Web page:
WINCHESTER — Winchester will receive a triple blow to its economy this year as three automotive parts factories plan to cut more than 450 jobs from the community.
The reductions reflect the wide reach of the plummeting automotive industry.
"It's just something that none of us have ever seen, and we're trying to do the very best we can to survive," said Bill Patterson, general manager of Niles America Wintech Inc., one of the three companies cutting back. The companies are:
Niles America Wintech: The maker of switches for cars will lay off at least 150 workers during the next few months, cutting from 224 employees down to about 50.
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GECOM Corp.: The manufacturer of door locks, latches and lift-gate systems will relocate its Winchester operations to Frankfort or Greensburg, Ind., and close the facility in April or May. The Winchester plant employs 168.
Ainak Inc: The company makes rubber and plastic parts, metal stampings, hose assemblies and foam. It will go from 123 full-time and 14 temporary employees to 33.
On Tuesday, some of the employees who will be laid off said that they would consider a return to school. Others still hadn't developed a plan for what they would pursue after their last day at the plant.
"I'll probably go back to school, be retrained and just lay low for a year or two waiting for the economy to turn around," said Mike Julick, manager of the tool and die department at Niles America. "I'll be OK."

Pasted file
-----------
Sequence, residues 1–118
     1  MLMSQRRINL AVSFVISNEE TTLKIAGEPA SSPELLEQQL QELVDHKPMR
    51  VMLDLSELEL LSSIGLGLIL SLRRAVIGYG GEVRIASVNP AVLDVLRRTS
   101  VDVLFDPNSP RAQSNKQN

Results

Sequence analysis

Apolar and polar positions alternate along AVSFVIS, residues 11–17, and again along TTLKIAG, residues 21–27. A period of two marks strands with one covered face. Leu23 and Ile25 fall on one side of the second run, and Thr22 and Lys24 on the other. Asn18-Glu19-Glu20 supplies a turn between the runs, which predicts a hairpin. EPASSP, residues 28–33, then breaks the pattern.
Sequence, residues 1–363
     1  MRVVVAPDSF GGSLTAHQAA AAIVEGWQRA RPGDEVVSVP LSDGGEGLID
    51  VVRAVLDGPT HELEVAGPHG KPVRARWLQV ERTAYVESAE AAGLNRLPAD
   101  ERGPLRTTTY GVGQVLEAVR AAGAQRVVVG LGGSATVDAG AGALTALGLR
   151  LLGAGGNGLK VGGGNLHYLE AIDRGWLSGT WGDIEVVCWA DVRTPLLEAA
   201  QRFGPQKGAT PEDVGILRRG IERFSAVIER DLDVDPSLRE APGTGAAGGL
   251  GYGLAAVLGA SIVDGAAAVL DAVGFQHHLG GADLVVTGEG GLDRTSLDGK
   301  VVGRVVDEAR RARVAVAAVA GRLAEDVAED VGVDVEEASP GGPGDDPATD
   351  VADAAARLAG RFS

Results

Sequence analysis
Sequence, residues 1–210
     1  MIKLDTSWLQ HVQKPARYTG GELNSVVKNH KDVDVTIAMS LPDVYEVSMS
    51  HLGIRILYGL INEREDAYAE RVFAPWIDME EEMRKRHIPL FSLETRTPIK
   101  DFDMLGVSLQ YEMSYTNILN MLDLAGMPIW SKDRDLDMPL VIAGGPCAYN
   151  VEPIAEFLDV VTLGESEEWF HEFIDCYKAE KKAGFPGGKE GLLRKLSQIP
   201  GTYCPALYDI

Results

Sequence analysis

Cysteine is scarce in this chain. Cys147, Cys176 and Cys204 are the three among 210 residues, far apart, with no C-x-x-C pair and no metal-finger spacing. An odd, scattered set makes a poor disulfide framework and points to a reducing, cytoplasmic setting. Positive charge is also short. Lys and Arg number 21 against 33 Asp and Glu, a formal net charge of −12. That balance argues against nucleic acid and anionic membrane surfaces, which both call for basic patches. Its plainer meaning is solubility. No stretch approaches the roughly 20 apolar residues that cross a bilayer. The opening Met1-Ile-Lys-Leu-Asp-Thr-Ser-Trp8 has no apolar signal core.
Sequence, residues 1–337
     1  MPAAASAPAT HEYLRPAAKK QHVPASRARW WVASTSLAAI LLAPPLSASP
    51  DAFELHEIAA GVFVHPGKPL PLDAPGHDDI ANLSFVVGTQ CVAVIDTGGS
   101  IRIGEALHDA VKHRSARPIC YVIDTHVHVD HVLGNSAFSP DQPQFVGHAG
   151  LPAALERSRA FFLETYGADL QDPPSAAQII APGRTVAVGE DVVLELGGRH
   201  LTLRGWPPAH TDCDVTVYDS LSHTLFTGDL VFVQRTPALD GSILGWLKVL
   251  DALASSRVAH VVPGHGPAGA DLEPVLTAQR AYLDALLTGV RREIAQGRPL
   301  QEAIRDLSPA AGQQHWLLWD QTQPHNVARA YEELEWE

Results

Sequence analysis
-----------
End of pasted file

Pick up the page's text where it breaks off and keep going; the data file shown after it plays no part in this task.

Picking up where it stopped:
Employees said the announcement of layoffs hit some co-workers pretty hard.
"Some are upset, mainly ones who bring in the only income in the family and have kids," said Patsy Davis, 31, a team leader at Niles America.
Keith Adams, 37, a University of Kentucky graduate with a degree in electrical engineering, is a project manager at Niles America, where he has worked for more than five years. He hopes to find another engineering job, but knows the job market looks bleak. "Times are tough and there's not a lot of hiring going on," he said.
Adams' wife is a school district nurse, so the family with two children, ages 7 and 13, will still have an income, for which Adams is thankful. "But I don't know that any job is 100 percent secure," he said.
Over at Ainak, employee Linda Stidhem, 44, said she has considered going back to school for nursing. "Several girls here are thinking about that, but I don't know if the jobs will be there," she said.
Layoffs at three similar companies in one city would be a bit unusual in a stable economy, said Justine Detzel, chief labor economist at the Kentucky Office of Employment and Training. But "this recession has been more severe than any since World War II, which is why you're seeing more layoffs than you would expect."
Julick said the effect of the layoffs will reach beyond Clark County. Many of his co-workers commute from Clay City and Stanton, he said.
"With Clark County being as small as it is, three factories closing is going to have a big impact," said Julick, 46. "That leaves a lot of people with no job. And a lot of good people work here."